The inventive dessert menu at one of Columbia, South Carolina’s Main Street restaurants, The Oak Table, by Chef Charley Scruggs is taking us back to our childhood with desserts that invite us to dig in and blur the lines between sweet and savory.
By Annelise McAuliffe
Overlooking the state’s capital, The Oak Table attracts a wide array of people, from local eaters to traveling politicians either looking to discover something new or relax with a more familiar dish, like their Certified Angus Beef Bavette steak served with local vegetables. A part of The Indigo Road, a renowned restaurant Group, The Oak Table has a talented crew constantly whipping up new, creative bites.
In view of the buzzing kitchen, one can sip on interesting cocktails while they await their food. Take this time to watch the plates that are coming over the pass, flowing into the dining room and scope out what you want to order. As one of the first Main Street anchor restaurants in Columbia’s Downtown area, The Oak Table has set the bar high, evident after one look at their menu.
A house-made charcuterie board, complete with locally sourced and house-made chicken liver, and a roasted beet salad with fresh buttermilk ricotta and strawberries pickled by the team, sets dinner off to a fabulous start. After that, the dishes can become a wonderful blur that, if you live in Columbia, you will be tempted to come back to relive the wonderful adventure dangerously often. Fresh ravioli, trofie pasta with a soft farm egg, fried whole Maine lobster, and pan seared seafood with South Carolina’s produce on display are popular items to grace the table for entrees. While the entire meal is superb, the sweet surprise comes at the end of the night in the form of intriguing desserts by Chef Charley Scruggs.
Not only are his pastry creations delicious, but they encourage diners to interact with each other and the food in a new way. We dove into a selection of new menu items Chef Charley had been working on and were delighted by his summer desserts. Titled, Them Bones, the dessert is a playful showcase of bone marrow that can be misinterpreted at pretentious, but is quite simply delicious, no matter what you make of the presentation. A chocolate bone marrow ice cream is served beside a smoked chocolate cake that has been baked right inside of the bone. Salted hazelnut praline tops it off and adds a touch of seasoned crunch to complete the dish.
Not only do the desserts have a perfect combination of flavors, but Chef Charley flawlessly uses the experience to transport diners and their emotions beyond the restaurant. Such an encounter makes food not just a form of sustenance, but a meeting point to connect with others and a vehicle for adventure. Charley created the King Cone, a brown butter-thyme cone filled with South Carolina peach ice cream, molasses ganache, and a topping of pecans, as a bite of nostalgia. It is an instant reminder of chasing after the ice cream truck on a hot summer day as a child. We love this memory, but also love that we don’t have to run for this cone and the flavors blew way past the classic vanilla and chocolate drumstick.
A new rendition of a s’more also leads diners back to the campfire, but this time with a larger dose of rich chocolate in hand. Complete with a milk chocolate pudding, graham cracker cream, charred honey marshmallow, and cocoa nib tuile, we were pleased to dig in and find the outdoor classic to have gone deliciously rogue. Showcasing South Carolina’s sweet summer watermelons, Charley has broken a slice down into a dessert that is served right in the rind. Compressed watermelon, fresh watermelon, pureed watermelon rind, watermelon sorbet and complimentary ingredients like Lebanese yogurt create a fruity dish that screams of a southern summer.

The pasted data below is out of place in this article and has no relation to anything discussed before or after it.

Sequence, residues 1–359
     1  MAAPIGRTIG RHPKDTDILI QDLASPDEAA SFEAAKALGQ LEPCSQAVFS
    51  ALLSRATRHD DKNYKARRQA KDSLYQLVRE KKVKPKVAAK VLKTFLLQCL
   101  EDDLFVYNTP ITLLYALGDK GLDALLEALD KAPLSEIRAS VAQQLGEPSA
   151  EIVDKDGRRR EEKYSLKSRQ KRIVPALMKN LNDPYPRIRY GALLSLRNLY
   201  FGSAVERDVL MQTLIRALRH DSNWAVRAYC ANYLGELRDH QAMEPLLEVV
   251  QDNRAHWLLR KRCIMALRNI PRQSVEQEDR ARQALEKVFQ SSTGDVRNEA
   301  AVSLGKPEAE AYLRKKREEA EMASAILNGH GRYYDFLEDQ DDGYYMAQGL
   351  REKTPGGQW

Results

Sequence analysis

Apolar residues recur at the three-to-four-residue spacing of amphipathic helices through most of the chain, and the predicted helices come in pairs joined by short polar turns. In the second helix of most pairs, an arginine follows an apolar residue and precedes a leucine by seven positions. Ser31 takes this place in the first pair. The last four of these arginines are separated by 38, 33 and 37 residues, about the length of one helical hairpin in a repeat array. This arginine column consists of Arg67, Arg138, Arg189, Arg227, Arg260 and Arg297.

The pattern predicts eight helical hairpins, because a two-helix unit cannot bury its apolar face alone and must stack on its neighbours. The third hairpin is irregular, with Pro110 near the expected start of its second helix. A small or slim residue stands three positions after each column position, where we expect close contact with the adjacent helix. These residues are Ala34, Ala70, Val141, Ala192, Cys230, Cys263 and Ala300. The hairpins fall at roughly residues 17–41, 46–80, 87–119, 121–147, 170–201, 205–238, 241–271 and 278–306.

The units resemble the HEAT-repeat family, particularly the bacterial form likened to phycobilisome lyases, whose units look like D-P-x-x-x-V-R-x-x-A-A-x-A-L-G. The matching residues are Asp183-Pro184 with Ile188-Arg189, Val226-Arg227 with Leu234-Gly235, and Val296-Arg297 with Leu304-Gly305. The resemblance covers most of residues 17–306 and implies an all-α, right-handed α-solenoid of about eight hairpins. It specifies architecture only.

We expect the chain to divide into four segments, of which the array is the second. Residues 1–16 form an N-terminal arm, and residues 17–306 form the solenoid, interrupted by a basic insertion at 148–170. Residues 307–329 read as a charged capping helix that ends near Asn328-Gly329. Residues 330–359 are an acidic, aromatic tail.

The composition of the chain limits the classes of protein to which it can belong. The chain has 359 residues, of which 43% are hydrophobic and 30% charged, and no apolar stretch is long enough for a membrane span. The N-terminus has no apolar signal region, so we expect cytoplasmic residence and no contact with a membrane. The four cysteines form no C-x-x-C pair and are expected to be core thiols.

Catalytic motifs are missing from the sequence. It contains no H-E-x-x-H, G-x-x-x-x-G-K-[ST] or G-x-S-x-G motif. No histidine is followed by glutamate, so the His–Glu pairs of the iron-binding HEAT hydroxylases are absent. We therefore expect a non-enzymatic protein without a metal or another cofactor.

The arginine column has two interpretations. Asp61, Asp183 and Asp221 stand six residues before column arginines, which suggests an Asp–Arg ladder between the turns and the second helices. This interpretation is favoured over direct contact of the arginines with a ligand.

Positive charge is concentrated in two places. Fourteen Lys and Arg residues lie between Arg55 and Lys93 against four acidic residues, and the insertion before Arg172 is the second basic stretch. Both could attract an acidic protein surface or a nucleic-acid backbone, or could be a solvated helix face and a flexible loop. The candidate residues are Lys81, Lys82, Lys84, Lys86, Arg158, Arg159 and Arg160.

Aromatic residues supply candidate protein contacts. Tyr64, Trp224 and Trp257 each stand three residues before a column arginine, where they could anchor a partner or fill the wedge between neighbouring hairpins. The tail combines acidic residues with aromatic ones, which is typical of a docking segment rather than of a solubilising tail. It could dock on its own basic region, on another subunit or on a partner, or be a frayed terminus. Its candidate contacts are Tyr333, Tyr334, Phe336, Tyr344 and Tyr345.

Don’t consider yourself to be a dessert person? Lacking a sweet tooth? That’s ok, Chef Charley admits he isn’t a big dessert eater either. Sticking in the “grey zone” between sweet and savory, Charley says he likes to incorporate ingredient and flavor crossover to balance out his desserts. Not only does such a combination create flavorful intrigue, but it also helps our palates from becoming overwhelmed with pure tastes of sugar.
Playing with the blurred lines between sweet and savory, Charley has become a lover of charcuterie, a salty break from his sweet pastry bench. Curing and preserving has become his hobby and is just as much of a science as baking and pastry, so it easily relatable. Just like the smokiness that presents itself in some cured meats, the same elements are crossing over into his desserts, too. Evident in the cake of Them Bones and the smokey strawberry sorbet, diners are asked to forget the strict categories of sweet or savory, and should happily recognize both in one bite.
It’s Charley’s playful and always-experimenting attitude that truly makes The Oak Table’s dessert menu shine. With dishes like the King Cone, he encourages diners to ditch the silverware and dig in with their hands. That’s how we did it when we were kids, right?
Discover The Oak Table as a first taste of Columbia’s ever-growing Main Street for a great view with a menu that offers something for everyone, complete with whimsical sweets that will make you rethink dessert.
Mandatory family outings to the Detroit farmers' market and nightly home-cooked meals cultivated Annelise's respect and curiosity for food. A graduate of The Culinary Institute of America, she spends her free time in New York City recipe testing, eating breakfast all day, and dreaming up international culinary adventures.